Junkyard Find: 1977 BMW 320i
While I may be guilty of not photographing all — or even most — of the interesting BMWs I find in the car graveyards on my appointed rounds, I’m making an effort to get the complete set of discarded 20th-century 3 Series cars. In fact, once I remember to shoot the next junked E46 I find (which will be easy, as these cars have become plentiful in the yards I frequent), we’ll have the complete junkyard history of the 3 Series from 1977 through 2006.The first-ever 3 Series, the E21, has become something of a junkyard rarity in recent years, but I found this ’77 in Central California back in December.
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No Fixed Abode: Return Of The King

So here we are, celebrating forty years of the “Dreier”, or 3-Series, depending on how Euro-wannabe you wannabe. Since I don’t wannabe, I’m going to call it “39 Years Of The 3 Series”. After all, we didn’t get the 320i in the United States until the 1977 model year. When it did arrive, it was a thermal-reacted boondoggle with a tendency to rust out from under the feet of the unlucky first owners.

Although it looked like a million bucks, particularly in “S” trim, and it was one of the dream cars of my pre-teen years, I cannot allow any of you Millennial readers out there to come to the mistaken belief that the E21, as adapted for the American market, was anything other than a shitbox with the lifespan of a fruit fly. It was also easy meat for a Rabbit GTI in any venue from the stoplight drag to the road course. It was, however, expensive, costing about as much as a base Cadillac Coupe de Ville, so at least it had that going for it. The most damning thing I can tell you about the 320i is this: I worked for David Hobbs BMW for much of 1988, and although the newest 320i was just five years old at that point, I never saw one come in for service, and we never took one in on trade.

The “E30” 318i that appeared for the 1983 model year was a major improvement over its predecessor in everything from climate control to rust resistance, but it was “powered” by the same 103-horsepower, 1.8-liter, eight-valve four-cylinder that made the badge on the back of the 1980-1983 320i a comforting lie. I put “powered” in quotes because the E30 318i struggled to break the 18-second mark through the quarter-mile in an era where the Mustang and Camaro were in the low fifteens and even a 1981 Dodge Omni 024 “Charger 2.2” could rip the mark in 17.2 seconds. That’s right: if you were in a brand-new BMW and a three-year-old Dodge Omni pulled up next to you at the light, the only thing that could save you from an ass-kicking would be a swift activation of the turn signal.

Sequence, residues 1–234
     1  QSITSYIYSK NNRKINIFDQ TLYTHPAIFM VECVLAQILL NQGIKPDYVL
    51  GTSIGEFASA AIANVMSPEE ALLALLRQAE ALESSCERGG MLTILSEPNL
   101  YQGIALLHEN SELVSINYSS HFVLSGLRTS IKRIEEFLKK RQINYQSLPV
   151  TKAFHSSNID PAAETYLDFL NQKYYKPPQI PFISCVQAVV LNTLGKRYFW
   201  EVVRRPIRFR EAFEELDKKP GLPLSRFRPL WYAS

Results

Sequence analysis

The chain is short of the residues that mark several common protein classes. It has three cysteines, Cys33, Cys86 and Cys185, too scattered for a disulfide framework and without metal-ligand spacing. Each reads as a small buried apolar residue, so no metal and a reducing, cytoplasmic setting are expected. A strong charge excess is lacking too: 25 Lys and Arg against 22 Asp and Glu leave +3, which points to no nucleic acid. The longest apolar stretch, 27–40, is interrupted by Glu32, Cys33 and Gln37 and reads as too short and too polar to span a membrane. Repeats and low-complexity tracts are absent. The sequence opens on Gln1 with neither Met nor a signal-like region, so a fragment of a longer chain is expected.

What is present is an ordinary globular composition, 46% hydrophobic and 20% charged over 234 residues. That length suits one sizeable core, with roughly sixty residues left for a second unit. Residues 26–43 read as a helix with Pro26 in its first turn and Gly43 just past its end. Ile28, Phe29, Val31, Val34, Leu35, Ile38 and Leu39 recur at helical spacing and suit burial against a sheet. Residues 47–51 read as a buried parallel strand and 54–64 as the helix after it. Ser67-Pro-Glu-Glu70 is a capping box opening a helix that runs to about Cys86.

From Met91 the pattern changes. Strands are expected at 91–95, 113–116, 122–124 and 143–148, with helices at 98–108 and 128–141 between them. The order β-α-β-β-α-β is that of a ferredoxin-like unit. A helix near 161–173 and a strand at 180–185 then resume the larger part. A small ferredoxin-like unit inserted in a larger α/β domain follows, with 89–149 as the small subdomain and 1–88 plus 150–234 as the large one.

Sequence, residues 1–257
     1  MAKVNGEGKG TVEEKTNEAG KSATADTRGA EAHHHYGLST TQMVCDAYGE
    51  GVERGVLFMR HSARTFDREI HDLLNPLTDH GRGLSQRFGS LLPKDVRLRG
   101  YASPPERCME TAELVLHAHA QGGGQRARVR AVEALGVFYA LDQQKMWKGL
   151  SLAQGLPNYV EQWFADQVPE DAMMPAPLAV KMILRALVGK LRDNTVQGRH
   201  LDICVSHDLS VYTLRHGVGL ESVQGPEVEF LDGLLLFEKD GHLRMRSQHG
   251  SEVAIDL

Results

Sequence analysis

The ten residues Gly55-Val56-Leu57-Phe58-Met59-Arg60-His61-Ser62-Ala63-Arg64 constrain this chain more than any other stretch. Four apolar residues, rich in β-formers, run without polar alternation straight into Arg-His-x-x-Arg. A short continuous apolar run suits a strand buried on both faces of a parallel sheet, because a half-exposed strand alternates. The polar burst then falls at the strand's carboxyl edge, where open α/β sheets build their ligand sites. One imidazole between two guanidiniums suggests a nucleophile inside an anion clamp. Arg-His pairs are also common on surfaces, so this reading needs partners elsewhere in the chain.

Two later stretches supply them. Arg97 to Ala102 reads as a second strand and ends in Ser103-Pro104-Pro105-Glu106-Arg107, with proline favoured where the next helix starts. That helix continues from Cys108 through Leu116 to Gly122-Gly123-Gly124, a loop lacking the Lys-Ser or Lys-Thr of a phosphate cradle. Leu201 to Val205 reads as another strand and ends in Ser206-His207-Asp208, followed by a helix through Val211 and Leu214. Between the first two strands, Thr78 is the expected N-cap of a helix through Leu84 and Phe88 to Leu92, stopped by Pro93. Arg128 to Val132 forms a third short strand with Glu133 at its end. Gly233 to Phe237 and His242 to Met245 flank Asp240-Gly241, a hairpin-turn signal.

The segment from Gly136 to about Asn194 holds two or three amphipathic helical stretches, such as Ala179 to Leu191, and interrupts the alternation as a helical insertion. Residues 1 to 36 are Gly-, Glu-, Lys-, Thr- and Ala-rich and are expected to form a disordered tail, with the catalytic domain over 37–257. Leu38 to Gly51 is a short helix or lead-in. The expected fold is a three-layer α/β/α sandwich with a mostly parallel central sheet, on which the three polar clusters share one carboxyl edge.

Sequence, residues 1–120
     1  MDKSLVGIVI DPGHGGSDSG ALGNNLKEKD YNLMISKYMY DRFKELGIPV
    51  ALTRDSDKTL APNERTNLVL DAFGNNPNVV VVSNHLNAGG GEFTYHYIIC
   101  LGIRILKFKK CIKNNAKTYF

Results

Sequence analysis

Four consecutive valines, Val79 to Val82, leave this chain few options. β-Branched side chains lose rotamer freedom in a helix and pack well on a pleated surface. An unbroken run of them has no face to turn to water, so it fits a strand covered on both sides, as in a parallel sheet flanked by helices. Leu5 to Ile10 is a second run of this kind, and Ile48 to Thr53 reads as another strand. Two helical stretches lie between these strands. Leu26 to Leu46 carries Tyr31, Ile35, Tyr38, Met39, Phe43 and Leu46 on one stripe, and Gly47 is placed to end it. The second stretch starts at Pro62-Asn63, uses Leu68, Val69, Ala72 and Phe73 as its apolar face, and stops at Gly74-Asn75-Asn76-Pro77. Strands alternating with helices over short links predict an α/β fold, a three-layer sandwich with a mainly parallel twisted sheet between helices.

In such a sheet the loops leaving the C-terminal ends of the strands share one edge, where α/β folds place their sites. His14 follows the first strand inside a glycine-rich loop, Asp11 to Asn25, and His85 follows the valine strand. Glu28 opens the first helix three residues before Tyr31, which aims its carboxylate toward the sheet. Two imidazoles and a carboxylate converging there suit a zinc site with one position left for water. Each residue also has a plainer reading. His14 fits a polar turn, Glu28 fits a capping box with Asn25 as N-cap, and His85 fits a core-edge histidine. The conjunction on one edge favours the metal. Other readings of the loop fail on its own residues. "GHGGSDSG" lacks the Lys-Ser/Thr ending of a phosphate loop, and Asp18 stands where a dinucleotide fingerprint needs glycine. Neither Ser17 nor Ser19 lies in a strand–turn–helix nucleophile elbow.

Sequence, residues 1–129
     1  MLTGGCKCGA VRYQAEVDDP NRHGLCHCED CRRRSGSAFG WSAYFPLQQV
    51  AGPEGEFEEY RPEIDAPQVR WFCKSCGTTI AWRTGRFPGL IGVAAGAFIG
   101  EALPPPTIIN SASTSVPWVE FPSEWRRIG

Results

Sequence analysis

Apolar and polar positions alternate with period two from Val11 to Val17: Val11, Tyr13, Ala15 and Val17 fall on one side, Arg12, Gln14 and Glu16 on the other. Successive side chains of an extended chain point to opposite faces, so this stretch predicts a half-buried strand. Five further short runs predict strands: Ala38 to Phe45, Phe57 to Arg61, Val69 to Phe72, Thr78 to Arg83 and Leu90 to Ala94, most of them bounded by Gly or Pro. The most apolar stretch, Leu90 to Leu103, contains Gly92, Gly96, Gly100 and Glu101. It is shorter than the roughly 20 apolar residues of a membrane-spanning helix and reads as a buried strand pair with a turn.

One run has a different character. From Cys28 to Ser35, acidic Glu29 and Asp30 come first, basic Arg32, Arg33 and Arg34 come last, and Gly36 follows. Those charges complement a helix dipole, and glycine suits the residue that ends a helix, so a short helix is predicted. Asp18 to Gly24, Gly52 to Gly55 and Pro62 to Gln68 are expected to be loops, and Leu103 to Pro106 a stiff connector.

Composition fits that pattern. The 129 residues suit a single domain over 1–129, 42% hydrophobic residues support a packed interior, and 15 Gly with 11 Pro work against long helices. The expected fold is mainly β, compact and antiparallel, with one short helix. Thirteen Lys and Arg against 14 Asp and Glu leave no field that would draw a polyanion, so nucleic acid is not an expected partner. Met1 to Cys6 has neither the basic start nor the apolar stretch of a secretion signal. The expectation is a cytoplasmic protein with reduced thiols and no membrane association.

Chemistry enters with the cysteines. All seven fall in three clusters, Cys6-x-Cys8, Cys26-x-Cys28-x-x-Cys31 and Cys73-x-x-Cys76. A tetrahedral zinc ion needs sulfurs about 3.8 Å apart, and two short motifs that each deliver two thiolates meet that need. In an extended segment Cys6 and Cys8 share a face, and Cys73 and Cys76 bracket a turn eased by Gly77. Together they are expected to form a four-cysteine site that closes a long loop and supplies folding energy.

But then, one day about halfway through the first year of the 318i’s lukewarm tenure in North America, things changed.

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Junkyard Find: 1983 BMW 320i
Between the old-timey 2002 and the hugely influential E30, there was the E21. Over in Yurp, BMW shoppers could buy 315s and 316s and 323s and I don’t know what all, but here in North America we know the E21 almost exclusively via the good old 320i. The 2002 overlapped E21 production by a couple of years; likewise, BMW showrooms in 1983 held the final examples of the 320i side-by-side with the brand-new E30-platform 318i. Here’s an example of one of those end-times E21s, spotted last week in a Denver self-service wrecking yard.
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  • Mike Evs do suck, though. I mean, they really do.
  • Steve Biro I don’t care what brand but it needs to be a compact two-door with an ICE, traditional parallel hybrid or both. A manual transmission option would be nice but I don’t expect it - especially with a hybrid. Don’t show me an EV.
  • ToolGuy Lose a couple of cylinders, put the rest in a straight line and add a couple of turbos. Trust me.
  • ToolGuy Got no money for the Tasman, it is going to the Taxman. 🙁
  • ToolGuy They should have hired some Ford Motor Company employees. No, I'm kidding -- they should have hired some Ford Motor Company executives. 😉